Robinson brings experience, credibilty to staff

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Robinson brings experience, credibilty to staff

The Sharks officially introduced the newest member of the organization on Monday, and theres a prevailing feeling that they didnt hire just an assistant coach.

They hired the assistant coach.

Larry Robinson is undeniably one of the most respected men in hockey not surprising, when you consider his name is on the Stanley Cup nine times (six as a defenseman for the Montreal Canadiens, three as a coach with the New Jersey Devils). Most recently, Robinson helped guide the Devils to the Stanley Cup Finals as an assistant to Peter DeBoer, where they lost to the Kings in six games.

Now, hes a part of Todd McLellans staff with the Sharks, and immediately becomes McLellans right-hand man.

His resume speaks for itself, so I dont need to get into that, Doug Wilson said via conference call on Monday. Theres nobody in this business I respect more as a player, as a coach, and as a person than Larry. Its a very exciting day for our organization.

RATTO: Sharks' hire of Robinson not what you think

McLellan said: Im extremely excited to have Larry join our staff and our organization. His experience is obviously something that we covet. As a young coaching staff here in San Jose, I think that hell bring many things to the table.

While its expected that Robinson will advise and assist McLellan and the rest of the staff on every facet of the game, hell work specifically with the teams defense and its penalty kill strategy. The Sharks finished 29th out of 30 on the PK last season, and were even worse in the playoffs, which is why Wilson has made fixing that area a priority this offseason.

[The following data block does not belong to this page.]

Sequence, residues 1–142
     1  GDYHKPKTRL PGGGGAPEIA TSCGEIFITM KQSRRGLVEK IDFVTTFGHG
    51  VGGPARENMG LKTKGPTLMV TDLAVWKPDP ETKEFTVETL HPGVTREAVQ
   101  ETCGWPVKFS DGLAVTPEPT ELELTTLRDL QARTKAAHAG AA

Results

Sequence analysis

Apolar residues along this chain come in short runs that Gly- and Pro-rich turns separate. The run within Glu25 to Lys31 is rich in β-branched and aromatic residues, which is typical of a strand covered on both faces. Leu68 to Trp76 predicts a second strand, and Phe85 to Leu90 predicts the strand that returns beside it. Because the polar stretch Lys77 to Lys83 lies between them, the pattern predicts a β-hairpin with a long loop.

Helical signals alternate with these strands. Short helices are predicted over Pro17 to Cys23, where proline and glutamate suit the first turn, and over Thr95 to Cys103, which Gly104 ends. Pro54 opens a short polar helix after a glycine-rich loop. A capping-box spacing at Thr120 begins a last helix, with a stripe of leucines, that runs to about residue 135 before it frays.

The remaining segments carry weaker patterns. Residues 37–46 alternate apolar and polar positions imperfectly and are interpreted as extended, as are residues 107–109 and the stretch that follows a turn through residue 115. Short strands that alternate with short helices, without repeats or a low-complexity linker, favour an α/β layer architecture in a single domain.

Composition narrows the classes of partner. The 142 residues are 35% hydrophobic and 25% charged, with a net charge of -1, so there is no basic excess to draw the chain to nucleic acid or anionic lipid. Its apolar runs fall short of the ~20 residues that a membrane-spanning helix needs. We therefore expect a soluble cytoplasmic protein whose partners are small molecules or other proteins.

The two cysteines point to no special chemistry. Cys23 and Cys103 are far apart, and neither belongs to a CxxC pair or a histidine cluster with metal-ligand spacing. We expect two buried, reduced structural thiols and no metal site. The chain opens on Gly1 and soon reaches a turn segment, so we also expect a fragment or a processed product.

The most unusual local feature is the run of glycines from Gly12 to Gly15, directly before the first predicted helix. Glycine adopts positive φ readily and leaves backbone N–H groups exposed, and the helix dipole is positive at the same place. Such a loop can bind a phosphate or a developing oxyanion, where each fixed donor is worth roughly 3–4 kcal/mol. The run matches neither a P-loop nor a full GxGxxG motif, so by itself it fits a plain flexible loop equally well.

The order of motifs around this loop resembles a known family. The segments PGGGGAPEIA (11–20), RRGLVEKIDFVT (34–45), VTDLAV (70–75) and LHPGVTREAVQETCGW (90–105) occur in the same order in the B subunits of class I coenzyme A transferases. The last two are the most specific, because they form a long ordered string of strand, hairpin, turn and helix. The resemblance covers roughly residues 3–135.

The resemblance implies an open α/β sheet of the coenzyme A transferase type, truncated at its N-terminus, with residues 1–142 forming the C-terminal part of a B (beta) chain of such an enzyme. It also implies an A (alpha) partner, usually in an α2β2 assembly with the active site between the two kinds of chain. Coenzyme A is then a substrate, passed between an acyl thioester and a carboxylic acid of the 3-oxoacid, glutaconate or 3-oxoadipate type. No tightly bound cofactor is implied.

McLellan and Robinson, who didnt know each other very well before discussions began to add Robinson to the staff, havent spoken specifically about that just yet. But, Robinson did offer up some of his philosophies on it.

I do have a few ideas and a few things that hopefully will help it move up the ranks, he said of the penalty kill. The league is a specialty league, so you can win and lose games with your power play and your penalty kill. There are definitely things that we can work on.

Positioning is a big thing in penalty killing. Its fine to be aggressive, but you have to be smart-aggressive. The biggest thing is, and I speak from some prior experience in other teams, is that we tend to sometimes lean on our best players as our penalty killers all the time. These guys get tired after awhile. Its good to have more than just two, three or four guys killing penalties.

The Hockey Hall-of-Famer Robinson, a 10-time NHL All-Star and two-time Norris Trophy winner as the leagues best defenseman, had nothing but good things to say about the Sharks despite their disappointing finish and first round ouster to St. Louis. The Sharks and Devils met just once last season in New Jersey, with San Jose pulling out a 4-3 shootout victory on Oct. 21, the first of five straight wins for the Sharks.

I like the team a lot, Robinson said. They scared the crap out of us when they came into New Jersey last year, and we thought they were probably one of the best teams in the league.

Robinson was asked about some preconceived notions regarding the Sharks, specifically that the team is too laid back to take that extra step and win a Stanley Cup.